Vaast R/1 road bike review: Magnesium tubing offers a distinctly cushy ride

Story Highlights

  • What it is:Vaast’s dedicated road riding adaptation of Allite “Super Magnesium” frame materials.
  • Frame features:Innovative magnesium TIG-welded construction, semi-aero tube shaping with matching aero carbon seatpost, full carbon fork, partially internal cable routing, T47 threaded bottom bracket shell, hidden wedge-type seatpost binder.
  • Weight:1,250 g (claimed, unpainted medium frame only without hardware); 420 g (fork only, claimed, uncut); 8.94 kg (19.71 lb), as tested, medium size, without pedals or accessories.
  • Price:US$2,300 / AU$TBC / £2,300 / €2,900.
  • Highs:Remarkably damped ride quality, appropriately quick handling, competitively stiff chassis.
  • Lows:Muted ride quality borders on dead, some questionable spec choices, disappointing assembly quality.

Vaast is continuing to build its collection of magnesium-framed bikes, with its latest addition being the R/1. As compared to Vaast’s existing drop-bar model – the versatile A/1 all-roader – the R/1 is a more purpose-built steed intended solely for paved surfaces. As is often the case with road bikes, speed is the focus here, with a semi-aero welded magnesium frame, full-carbon fork, and a variety of performance-minded build kits with aero wheelsets.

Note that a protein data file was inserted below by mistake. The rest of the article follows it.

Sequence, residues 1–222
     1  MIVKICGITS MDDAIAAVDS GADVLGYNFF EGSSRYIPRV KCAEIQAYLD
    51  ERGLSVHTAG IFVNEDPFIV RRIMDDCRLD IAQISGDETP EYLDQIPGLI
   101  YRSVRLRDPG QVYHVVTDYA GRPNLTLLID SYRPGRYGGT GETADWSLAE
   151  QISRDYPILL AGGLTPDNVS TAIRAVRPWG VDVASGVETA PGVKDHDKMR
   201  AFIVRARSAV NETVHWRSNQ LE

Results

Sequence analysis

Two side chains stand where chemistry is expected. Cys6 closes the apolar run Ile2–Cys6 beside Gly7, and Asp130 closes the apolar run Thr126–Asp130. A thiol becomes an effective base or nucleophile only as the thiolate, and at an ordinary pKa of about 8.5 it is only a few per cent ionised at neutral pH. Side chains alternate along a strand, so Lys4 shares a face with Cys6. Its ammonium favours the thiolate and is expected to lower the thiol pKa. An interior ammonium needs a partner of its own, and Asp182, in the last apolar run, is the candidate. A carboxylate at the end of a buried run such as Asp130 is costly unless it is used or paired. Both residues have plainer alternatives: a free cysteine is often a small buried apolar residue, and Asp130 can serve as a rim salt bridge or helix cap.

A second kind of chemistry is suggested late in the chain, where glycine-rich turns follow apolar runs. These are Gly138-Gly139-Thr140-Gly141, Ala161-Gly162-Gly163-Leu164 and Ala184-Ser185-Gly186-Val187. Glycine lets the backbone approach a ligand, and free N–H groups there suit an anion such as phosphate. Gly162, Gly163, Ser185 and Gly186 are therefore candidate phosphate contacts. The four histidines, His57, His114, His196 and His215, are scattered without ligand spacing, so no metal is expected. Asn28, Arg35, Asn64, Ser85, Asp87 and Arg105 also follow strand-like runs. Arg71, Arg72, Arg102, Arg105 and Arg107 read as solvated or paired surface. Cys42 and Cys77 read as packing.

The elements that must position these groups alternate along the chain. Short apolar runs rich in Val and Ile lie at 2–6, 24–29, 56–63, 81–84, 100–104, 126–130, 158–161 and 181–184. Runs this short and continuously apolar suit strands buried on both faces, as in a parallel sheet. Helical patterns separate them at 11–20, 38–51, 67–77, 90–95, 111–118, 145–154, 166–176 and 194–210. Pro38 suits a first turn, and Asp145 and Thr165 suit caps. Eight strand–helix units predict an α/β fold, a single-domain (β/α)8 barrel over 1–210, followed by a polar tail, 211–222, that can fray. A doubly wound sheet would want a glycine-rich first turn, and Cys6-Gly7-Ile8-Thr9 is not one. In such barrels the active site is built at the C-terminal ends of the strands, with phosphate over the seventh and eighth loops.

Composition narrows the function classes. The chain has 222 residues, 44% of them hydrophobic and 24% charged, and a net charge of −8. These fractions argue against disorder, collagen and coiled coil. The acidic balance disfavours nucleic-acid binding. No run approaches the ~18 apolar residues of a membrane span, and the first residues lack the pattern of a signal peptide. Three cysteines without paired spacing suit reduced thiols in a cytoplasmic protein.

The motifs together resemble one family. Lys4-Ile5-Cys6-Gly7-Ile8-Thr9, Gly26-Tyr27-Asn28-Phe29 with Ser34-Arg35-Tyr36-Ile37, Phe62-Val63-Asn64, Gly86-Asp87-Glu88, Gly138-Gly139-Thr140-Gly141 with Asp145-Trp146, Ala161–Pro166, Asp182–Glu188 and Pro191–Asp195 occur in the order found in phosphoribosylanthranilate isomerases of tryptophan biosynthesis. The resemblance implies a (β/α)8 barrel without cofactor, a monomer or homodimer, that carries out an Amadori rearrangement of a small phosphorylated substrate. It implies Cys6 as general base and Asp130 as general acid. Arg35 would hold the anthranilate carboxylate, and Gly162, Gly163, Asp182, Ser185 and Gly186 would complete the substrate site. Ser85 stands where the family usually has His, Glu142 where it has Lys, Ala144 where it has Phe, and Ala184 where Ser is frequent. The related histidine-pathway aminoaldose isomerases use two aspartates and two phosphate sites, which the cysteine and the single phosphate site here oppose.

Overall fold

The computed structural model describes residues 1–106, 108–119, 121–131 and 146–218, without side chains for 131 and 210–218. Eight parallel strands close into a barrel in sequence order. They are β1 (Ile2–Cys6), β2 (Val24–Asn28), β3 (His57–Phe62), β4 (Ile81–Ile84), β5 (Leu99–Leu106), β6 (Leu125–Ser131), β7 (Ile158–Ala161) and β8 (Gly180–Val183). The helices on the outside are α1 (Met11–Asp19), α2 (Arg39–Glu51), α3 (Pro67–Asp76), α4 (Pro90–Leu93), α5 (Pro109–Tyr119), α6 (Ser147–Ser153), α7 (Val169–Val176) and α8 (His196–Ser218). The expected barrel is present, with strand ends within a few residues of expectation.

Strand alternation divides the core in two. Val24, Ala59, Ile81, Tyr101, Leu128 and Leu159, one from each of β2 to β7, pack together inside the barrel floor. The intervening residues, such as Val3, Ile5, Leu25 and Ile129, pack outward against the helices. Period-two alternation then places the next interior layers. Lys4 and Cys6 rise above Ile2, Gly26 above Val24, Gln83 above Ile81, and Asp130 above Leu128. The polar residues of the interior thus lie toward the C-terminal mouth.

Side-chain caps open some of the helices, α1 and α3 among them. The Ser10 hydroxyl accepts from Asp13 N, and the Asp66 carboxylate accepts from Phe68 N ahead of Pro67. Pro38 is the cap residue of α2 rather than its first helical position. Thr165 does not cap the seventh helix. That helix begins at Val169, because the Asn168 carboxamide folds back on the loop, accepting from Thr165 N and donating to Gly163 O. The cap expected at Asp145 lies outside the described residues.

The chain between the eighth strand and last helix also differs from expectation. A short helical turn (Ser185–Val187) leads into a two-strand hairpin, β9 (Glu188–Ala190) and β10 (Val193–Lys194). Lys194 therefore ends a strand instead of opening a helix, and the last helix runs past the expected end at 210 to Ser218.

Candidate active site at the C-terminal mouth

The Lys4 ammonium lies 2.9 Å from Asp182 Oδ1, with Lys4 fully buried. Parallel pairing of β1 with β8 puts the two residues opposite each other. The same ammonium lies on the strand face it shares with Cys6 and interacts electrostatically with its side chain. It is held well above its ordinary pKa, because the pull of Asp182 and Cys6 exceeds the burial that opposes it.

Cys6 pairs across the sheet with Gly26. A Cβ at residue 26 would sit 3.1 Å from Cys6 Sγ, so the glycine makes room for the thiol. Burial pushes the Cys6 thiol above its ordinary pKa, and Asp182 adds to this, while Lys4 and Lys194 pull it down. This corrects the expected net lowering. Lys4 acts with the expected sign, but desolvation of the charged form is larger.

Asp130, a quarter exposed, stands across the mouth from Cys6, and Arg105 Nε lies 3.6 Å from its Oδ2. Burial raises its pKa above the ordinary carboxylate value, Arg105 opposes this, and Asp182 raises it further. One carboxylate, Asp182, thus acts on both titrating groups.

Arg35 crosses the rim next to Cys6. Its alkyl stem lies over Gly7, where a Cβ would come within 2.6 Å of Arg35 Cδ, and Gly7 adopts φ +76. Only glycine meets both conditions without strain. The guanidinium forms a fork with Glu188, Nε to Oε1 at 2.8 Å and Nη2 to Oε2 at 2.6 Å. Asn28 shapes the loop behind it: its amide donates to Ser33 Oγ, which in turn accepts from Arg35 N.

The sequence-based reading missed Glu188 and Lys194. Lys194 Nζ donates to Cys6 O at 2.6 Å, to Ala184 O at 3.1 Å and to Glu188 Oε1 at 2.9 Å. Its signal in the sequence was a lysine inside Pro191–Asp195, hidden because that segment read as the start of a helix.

It looks good on paper, it looks good in person, it’s a solid value, and previous experience with the A/1 has proven magnesium’s worthiness as a higher-end frame material. So why am I not more excited about this thing?

All-in on magnesium

I’m not sure if this is strictly an American colloquialism, but “one-trick pony” comes to mind when I think of Vaast. To be clear, I don’t intend for that to be a disparagement, but there are few other bike brands in recent memory that have hinged so much of their identity on a single attribute.

Much as Niner banked everything on 29″ mountain bike wheels early on, Vaast is betting the farm on magnesium. In fact, the brand’s entire existence is predicated on the stuff, as the public-facing construct of parent company Allite Inc., the manufacturer of Vaast’s so-called “Super Magnesium” alloys. Allite is targeting a range of applications for its magnesium products, including aerospace, consumer electronics, marine, and even construction, and whether you want your magnesium for forgings, castings, machining, welding, or extruding, Allite can apparently fill that order.

The magnesium material is truly impressive, offering an incredibly well-damped ride.

But why magnesium in the first place? Looking strictly in terms of material properties, it’s about one-third lower-density than aluminum while also boasting higher strength. And while it’s technically more flexible than aluminum by volume, it’s stiffer than aluminum by weight – and either way, the difference isn’t so great that it can’t be compensated by slightly increasing tubing diameters. It also generally damps vibrations more effectively than aluminum, which can yield a smoother ride.

That’s all well and good, but isn’t a magnesium bike basically going to melt if it gets wet, or even worse, catch on fire like I’ve seen on TikTok??? 

In short, no. Allite claims its proprietary alloys and electrolytic surface treatments make the stuff far less prone to corrosion than people

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